JPMorgan Chase & Co. (NYSE: JPM) today reported that it will restate its previously-filed interim financial statements for the first quarter of 2012. The restatement will have no effect on total earnings or revenues for the company year-to-date.*
The restatement announced today will reduce the firm’s previously-reported net income for the 2012 first quarter by $459 million. The restatement relates to valuations of certain positions in the synthetic credit portfolio in the firm’s Chief Investment Office (CIO).
The restatement is fascinating, and Dimon is proud of it: “This is what the SEC chairwoman herself would have done if she had seen all the same facts at the same time.” Okay! But she probably wouldn’t have done this:
The restatement results from information that has recently come to the Firm’s attention in connection with management’s internal review of activities related to CIO’s synthetic credit portfolio. Under Firm policy, the positions in the portfolio are to be marked at fair value, based on the traders’ reasonable judgment as to the prices at which transactions could occur. As an independent check on those marks, the CIO’s valuation control group (“VCG”), a finance function within CIO, verifies that the traders’ marks are within pre-established price testing thresholds around external “mid-market” benchmarks and, if not, adjusts trader marks outside the relevant threshold. The thresholds consider market bid/offer spreads and are intended to establish a range of reasonable fair value estimates for each relevant position. At March 31, 2012, the trader marks, subject to the VCG verification process, formed the basis for preparing the Firm’s reported first quarter results.
However, the recently discovered information raises questions about the integrity of the trader marks, and suggests that certain individuals may have been seeking to avoid showing the full amount of the losses being incurred in the portfolio during the first quarter. As a result, the Firm is no longer confident that the trader marks used to prepare the Firm’s reported first quarter results (although within the established thresholds) reflect good faith estimates of fair value at quarter end.
Specifically “Emails, voice tapes and other documents, supplemented by interviews, suggestive of trader intent not to mark positions where they believed they could execute.” Where have we heard that before?
The hits really keep on coming for Jamie Dimon. The Whale losses, even at $5.8bn, aren’t that big: JPMorgan still reported net income of $5bn this quarter (and $4.9bn in restated last quarter), and the $5.8bn is 0.25% of assets and 3.9% of tier 1 capital. And losing money isn’t a crime, or even all that uncommon, so he could take a certain amount of high ground talking to Congress. You can read more about what Whale & friends did here, in Mike Cavanagh’s shame-the-CIO presentation; it’s kind of what everyone thought and not great but also not outrageously outrageous. And sure there had been rumors that the CIO was mis-marking its portfolio, which is … maybe criminal-ish … but sounded sort of like garden-variety trader optimism and not that big a deal.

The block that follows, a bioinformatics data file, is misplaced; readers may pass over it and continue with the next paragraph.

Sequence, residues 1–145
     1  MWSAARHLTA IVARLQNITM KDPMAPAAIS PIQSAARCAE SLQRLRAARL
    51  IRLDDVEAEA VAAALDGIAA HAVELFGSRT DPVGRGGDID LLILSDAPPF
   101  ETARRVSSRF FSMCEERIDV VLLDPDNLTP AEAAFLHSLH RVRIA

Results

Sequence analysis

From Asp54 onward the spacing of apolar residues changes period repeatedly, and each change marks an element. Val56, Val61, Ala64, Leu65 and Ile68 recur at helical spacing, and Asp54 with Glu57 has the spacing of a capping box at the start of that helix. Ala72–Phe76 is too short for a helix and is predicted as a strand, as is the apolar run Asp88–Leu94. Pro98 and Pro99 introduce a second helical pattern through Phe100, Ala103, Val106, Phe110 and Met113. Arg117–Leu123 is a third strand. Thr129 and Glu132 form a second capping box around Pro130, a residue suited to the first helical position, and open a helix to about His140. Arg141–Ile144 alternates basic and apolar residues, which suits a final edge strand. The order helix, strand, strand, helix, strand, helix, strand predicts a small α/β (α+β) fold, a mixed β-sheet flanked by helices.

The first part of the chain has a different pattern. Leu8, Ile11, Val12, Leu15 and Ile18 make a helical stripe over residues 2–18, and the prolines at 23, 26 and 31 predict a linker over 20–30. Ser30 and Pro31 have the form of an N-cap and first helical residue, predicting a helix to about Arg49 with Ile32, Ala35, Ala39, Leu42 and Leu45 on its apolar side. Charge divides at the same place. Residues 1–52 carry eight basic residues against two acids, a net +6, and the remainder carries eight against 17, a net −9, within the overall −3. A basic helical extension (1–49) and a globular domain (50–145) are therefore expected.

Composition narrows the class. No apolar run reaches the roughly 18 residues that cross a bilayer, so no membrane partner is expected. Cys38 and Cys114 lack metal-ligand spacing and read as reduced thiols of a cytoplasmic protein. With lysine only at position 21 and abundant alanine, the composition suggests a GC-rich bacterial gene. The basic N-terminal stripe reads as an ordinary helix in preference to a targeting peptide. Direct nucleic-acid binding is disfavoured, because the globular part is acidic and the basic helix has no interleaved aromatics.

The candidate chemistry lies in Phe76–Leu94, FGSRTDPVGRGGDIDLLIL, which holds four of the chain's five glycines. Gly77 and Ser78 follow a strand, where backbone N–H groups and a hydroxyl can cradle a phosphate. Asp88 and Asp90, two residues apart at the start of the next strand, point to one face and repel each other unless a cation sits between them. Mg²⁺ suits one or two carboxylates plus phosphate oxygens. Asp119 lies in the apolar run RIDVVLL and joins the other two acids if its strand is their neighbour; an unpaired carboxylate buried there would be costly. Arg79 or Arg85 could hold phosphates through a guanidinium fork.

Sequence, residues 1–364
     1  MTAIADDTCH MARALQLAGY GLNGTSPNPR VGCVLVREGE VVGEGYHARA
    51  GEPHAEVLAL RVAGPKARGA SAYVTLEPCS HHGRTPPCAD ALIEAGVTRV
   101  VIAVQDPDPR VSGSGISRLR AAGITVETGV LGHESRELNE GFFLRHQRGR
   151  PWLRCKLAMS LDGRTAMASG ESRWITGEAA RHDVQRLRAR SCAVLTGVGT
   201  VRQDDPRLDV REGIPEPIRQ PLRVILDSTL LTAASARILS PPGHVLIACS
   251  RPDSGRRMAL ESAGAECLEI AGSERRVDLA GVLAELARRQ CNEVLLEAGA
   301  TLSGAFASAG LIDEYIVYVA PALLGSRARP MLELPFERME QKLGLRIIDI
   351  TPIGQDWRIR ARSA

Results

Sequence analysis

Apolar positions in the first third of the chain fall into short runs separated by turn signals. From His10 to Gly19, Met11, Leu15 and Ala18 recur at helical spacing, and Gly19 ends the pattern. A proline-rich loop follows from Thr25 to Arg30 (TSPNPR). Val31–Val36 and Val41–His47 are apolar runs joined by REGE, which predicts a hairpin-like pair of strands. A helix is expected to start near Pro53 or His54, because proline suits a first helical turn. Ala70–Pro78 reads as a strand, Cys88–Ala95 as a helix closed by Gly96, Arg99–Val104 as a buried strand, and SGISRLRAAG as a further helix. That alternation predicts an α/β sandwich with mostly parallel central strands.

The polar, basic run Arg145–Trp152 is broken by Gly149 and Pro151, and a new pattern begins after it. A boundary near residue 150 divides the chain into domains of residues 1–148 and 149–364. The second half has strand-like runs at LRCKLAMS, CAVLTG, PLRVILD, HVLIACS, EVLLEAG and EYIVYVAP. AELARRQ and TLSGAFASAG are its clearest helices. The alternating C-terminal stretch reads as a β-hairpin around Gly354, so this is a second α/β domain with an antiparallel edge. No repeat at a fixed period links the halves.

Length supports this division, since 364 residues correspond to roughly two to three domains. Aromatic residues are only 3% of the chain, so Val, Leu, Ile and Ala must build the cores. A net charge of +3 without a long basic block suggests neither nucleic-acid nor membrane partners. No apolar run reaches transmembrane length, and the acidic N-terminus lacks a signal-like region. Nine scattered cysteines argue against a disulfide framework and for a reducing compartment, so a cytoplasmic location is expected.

But to then have to announce that the CIO was doing exactly that – and that they were doing it with the intent of hiding losses and making themselves look better – and to the tune of hundreds of millions of dollars – and that there were emails about it – probably hurts more than the money. And it is just terrible to have to announce that right smack in the middle of Liborgate, when there is a lot of press and regulator and Congressional attention to banks making themselves look better by reporting numbers that, although arguably within a reasonable range, were not executable. That maybe was garden-variety mild misbehavior, both at JPM CIO and in Libor – but that does not look like a great defense any more.
In any case, this seems to be the end of the line for the Whale and his famous trade – not so much because JPMorgan is out of the trade, but because it’s moved it somewhere less visible:
“Since the end of the first quarter, we have significantly reduced the total synthetic credit risk in CIO – whether measured by notional amounts, stress testing or other statistical methods. The reduction in risk has brought the portfolio to a scale that allowed us to transfer substantially all remaining synthetic credit positions to the Investment Bank. The Investment Bank has the expertise, capacity, trading platforms and market franchise to effectively manage these positions and maximize economic value going forward. As a result of the transfer, the Investment Bank’s Value-at-Risk and Risk Weighted Assets will increase, but we believe they will come down over time.”
The transfer is around $30bn of risk-weighted assets, around $40mm of VaR, around $7mm of CS01, and “Extreme simulated scenarios indicate potential losses between $800mm-$1.6B.” What’s left seems to be hedged tranches of credit indices. And, I’d guess, being very conservatively marked.
* Isn’t that sort of a jarring thing to say btw? Like, “we discovered we lost an extra $459mm last quarter, but it’s okay, we would have lost it this quarter anyway.”
** Updated with exact numbers etc.